[EDITORIALS]Good idea, suspect motives

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[EDITORIALS]Good idea, suspect motives

Constitutional revision is looming as a major issue of the presidential election. Chung Mong-joon of National Unity 21 has proposed revising the constitution to pave the way for dividing presidential power between him and Roh Moo-hyun. Lee Hoi-chang of the Grand National Party pledges that he will change the constitution if he is elected.

It is desirable that presidential power be decentralized. The damage done by Korea's imperial presidents, including President Kim Dae-jung, has created a consensus among the people. Mr. Lee and Mr. Roh pledged "to guarantee the prime minister's rights" and to introduce "a system in which the prime minister is responsible for the cabinet." These pledges reflect public sentiment. It can be understood that Mr. Chung proposed "division of presidential power" as a device to prevent the concentration of power.

However, because of its timing, his proposal can be misunderstood as a proposal for him and Mr. Roh to share and wield power. Mr. Chung can also be blamed for raising an important national issue at a time when the election is imminent and trying to make use of it strategically. Although Mr. Chung has supported the division of power for a long time and included it in his campaign manifesto, coordinating the policy with Mr. Roh raises suspicions of underlying intentions.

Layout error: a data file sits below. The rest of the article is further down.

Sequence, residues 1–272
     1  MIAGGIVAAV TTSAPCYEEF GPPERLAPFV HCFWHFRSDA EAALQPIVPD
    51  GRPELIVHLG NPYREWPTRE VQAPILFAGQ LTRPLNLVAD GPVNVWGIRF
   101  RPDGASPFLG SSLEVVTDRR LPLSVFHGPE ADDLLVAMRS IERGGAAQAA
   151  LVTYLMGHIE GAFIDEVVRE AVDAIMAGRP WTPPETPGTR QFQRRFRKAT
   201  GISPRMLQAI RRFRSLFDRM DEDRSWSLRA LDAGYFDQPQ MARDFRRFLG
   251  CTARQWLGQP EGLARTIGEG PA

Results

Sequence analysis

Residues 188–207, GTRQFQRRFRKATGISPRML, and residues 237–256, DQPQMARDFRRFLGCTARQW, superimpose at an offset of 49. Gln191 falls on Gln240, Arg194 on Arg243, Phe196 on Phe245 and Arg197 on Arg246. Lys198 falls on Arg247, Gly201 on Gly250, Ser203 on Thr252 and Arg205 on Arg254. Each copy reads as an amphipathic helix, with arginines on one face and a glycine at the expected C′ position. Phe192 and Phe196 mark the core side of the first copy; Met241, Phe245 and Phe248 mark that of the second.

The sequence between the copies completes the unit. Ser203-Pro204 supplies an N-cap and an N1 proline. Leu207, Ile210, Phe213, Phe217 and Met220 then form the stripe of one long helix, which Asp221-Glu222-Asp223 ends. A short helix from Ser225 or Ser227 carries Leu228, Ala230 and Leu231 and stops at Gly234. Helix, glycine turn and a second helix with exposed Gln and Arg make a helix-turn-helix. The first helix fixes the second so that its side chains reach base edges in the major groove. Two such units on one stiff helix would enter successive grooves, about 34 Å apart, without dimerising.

The Roh-Chung alliance is one of a liberal and a conservative, as was the "DJP" coalition of President Kim and Kim Jong-pil of the United Liberal Democrats. The DJP coalition proved to be nothing but divided power to share benefits. People remember how the crippled government worked under the DJP coalition. Their suspicions grow as the Roh-Chung alliance, which has far fewer seats than needed for constitutional revision, pledges to amend it. They talk of doing it in 2004, but the precedent of the DJP alliance, which failed to stick to its political schedule, adds suspicion. When the cause is noble but the motive suspect, good results do not follow. Using the constitution to divide power between interested parties should not occur.
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